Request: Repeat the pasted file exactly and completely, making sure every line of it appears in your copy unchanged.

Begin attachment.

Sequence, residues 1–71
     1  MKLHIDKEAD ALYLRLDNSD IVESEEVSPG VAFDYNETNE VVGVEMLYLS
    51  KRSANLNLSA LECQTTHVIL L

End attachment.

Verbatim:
Sequence, residues 1–71
     1  MKLHIDKEAD ALYLRLDNSD IVESEEVSPG VAFDYNETNE VVGVEMLYLS
    51  KRSANLNLSA LECQTTHVIL L